Caution: This story involves poop. I have found that poop is always involved when working with little people and animals, so maybe you won’t be surprised. But I thought I should warn you.
My friend LeAnna, a horse lady from way back, said: “Fostering kittens is like having a tiny herd of horses in your house that also climb your curtains.”
She is so right, and I’m so glad the critters are healthy enough to wreak havoc again.
Glitter’s stomach has been bothering her. Last Saturday night it was bothering her so much that her poop looked like a cow patty and smelled like something that could be a biological weapon.Then the black kitten started to have diarrhea.
I did the usual foster cat mom thing. I freaked and tried to pretend that I was not imagining all sorts of deadly diseases I once saw in kennels full of cats.
I ended up going the the Blue Pearl Veterinary Clinic in Tacoma (If you ever need a place to go late at night when your own animal is scaring the sleep out of you, this is the one. It’s clean, open 24 hours a day, has friendly staff, and the prices were not in the slightest bit ridiculous.)
We have them sorted now and the poop situation is back to normal. No horrible nightmare viruses wiped out the whole family.
Two weeks ago, the mom gave me heart failure when she moved a baby without asking for a permit. Here’s what I wrote on Facebook about that adventure:
Mama cat has been agitated and bawling at us for the last day or so. I kept thinking she wanted out of the kitten room to stretch so I let her roam and put the dog outside.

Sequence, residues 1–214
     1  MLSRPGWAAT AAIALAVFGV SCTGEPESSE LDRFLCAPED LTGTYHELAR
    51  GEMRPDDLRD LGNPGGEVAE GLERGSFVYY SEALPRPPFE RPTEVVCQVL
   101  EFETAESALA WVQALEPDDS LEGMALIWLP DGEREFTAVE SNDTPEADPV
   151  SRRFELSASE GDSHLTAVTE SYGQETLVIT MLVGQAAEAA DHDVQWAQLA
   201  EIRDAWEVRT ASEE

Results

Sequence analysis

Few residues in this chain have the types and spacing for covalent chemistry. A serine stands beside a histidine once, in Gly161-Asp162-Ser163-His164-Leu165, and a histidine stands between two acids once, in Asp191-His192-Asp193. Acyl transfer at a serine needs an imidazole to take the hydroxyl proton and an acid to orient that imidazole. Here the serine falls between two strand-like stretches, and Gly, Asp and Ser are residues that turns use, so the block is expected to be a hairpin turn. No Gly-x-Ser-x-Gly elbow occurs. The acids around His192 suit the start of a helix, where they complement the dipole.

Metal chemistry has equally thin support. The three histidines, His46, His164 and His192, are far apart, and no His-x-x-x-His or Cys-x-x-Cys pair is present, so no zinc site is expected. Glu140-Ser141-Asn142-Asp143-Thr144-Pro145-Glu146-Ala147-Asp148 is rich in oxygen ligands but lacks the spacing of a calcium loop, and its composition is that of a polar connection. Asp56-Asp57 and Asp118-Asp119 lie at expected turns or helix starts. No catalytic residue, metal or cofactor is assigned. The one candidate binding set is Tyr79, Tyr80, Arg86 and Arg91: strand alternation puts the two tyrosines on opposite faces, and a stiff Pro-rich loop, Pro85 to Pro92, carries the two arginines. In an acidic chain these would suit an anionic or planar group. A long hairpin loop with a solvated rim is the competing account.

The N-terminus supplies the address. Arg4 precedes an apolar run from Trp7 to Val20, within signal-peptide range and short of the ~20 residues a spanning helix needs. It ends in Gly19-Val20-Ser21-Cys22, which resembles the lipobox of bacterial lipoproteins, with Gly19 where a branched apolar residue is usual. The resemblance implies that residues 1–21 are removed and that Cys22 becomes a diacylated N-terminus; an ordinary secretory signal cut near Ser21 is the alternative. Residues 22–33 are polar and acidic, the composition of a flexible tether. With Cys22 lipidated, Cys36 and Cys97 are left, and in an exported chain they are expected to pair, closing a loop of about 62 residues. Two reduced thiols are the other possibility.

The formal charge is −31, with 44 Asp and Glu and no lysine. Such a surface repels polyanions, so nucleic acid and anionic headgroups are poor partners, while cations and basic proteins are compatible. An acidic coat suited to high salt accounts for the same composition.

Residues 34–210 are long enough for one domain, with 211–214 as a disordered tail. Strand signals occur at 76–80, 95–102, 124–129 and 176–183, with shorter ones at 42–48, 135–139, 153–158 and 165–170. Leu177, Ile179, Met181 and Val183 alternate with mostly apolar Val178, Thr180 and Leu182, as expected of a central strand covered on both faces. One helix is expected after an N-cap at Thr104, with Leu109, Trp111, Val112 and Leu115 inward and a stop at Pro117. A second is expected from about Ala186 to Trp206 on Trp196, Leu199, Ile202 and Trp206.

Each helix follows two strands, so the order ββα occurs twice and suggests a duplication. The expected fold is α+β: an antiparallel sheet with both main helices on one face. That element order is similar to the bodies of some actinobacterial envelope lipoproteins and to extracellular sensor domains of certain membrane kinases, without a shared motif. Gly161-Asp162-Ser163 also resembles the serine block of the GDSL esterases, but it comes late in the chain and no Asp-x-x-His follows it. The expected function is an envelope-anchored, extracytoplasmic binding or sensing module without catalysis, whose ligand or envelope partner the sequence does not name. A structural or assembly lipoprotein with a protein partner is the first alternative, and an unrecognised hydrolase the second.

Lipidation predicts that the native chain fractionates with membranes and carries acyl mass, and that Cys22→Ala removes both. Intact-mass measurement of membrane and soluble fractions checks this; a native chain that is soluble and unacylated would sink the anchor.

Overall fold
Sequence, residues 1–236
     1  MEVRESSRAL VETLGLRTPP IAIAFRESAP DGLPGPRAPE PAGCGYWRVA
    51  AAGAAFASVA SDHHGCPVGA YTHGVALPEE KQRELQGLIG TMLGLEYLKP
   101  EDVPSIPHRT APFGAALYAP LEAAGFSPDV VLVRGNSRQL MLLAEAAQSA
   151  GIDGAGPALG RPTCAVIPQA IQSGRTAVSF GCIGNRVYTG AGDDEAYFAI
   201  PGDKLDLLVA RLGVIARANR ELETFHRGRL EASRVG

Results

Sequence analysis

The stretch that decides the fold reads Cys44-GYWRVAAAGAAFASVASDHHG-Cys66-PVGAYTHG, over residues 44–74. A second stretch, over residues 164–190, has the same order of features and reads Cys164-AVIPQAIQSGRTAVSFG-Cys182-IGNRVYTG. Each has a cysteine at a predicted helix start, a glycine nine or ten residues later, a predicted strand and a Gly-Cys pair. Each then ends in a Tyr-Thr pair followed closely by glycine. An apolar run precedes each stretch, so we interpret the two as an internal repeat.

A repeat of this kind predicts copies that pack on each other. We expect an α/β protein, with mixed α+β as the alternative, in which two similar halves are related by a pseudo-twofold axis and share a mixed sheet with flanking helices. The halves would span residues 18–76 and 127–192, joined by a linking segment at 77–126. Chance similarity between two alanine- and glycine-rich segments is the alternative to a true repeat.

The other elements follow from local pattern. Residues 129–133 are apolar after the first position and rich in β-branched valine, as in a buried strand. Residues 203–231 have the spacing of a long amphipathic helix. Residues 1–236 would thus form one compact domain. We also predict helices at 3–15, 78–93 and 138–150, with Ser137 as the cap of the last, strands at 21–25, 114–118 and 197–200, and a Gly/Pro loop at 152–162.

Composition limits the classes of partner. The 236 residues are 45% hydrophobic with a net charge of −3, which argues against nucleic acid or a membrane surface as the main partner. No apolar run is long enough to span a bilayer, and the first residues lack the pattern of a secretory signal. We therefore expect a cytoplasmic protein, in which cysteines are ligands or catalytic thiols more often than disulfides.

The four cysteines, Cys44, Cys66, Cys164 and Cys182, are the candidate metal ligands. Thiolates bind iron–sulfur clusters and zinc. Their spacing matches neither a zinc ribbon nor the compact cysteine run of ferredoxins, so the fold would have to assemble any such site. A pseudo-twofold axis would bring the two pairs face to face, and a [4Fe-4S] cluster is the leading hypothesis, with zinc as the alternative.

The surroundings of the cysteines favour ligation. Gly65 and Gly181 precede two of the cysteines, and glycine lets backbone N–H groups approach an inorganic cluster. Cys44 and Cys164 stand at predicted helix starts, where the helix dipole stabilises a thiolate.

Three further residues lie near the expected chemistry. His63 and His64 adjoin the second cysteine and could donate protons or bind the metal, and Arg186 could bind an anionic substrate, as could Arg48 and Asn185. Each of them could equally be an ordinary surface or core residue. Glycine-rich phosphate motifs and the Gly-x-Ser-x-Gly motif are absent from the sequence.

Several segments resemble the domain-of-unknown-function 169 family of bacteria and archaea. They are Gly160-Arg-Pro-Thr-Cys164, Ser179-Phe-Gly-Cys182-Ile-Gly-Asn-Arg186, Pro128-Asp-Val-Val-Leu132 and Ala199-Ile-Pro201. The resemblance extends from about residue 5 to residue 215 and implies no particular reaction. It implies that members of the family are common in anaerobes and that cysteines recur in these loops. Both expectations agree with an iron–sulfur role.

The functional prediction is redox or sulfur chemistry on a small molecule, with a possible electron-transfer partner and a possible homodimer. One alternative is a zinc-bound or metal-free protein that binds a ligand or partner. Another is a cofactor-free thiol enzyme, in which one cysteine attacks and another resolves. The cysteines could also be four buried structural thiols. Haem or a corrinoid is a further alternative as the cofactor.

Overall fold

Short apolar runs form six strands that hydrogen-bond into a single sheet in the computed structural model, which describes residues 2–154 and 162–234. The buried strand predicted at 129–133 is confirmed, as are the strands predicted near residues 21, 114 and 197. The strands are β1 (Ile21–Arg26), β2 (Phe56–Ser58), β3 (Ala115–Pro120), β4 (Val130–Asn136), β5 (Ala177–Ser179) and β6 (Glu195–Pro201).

Then Kieran says: “Uh, Mom. There are only two kittens in the basket now.”
Ack! We could not find her or the kitten for a few VERY long minutes. (You probably know how this ends and I guessed at the time but was still quasi panicked.)
Finally, she reappeared and lead us to where she had hid the baby deep under the couch. Kieran had to use a flashlight to find and retrieve him.
I thought I might croak.
And I took the hint. We consulted with shelter experts and got a kennel I covered with a blanket and moved up into my office to make her feel more secure.
Now they are quiet and she is resting sprawled out on my office floor. Not bawling or pacing. Totally content.
My keyboard may now have a cat fur lining.
From all this I learned (for the millionth trillionth time) that loving comes with such a high worry price tag. The zen masters would tell me to use it as a practice in letting go and for the most part I do. My skill falls a bit short late at night when the vet says words like cat forms of parvo and distemper. Then I get to dig a little deeper and practice with a fierce intensity through a sleepless night.
I am sleeping once more and they are really beginning to gallop around.
May you know great love and find the strength to live through it at the same time.
P.S. Here is a video of a cat raising ducklings I saw a while back. It struck me more today after watching the herd that has taken over my office. As an added bonus, the farmers have an Irish accent they use to describe the fostering mama cat. Life can be full of surprising goodness.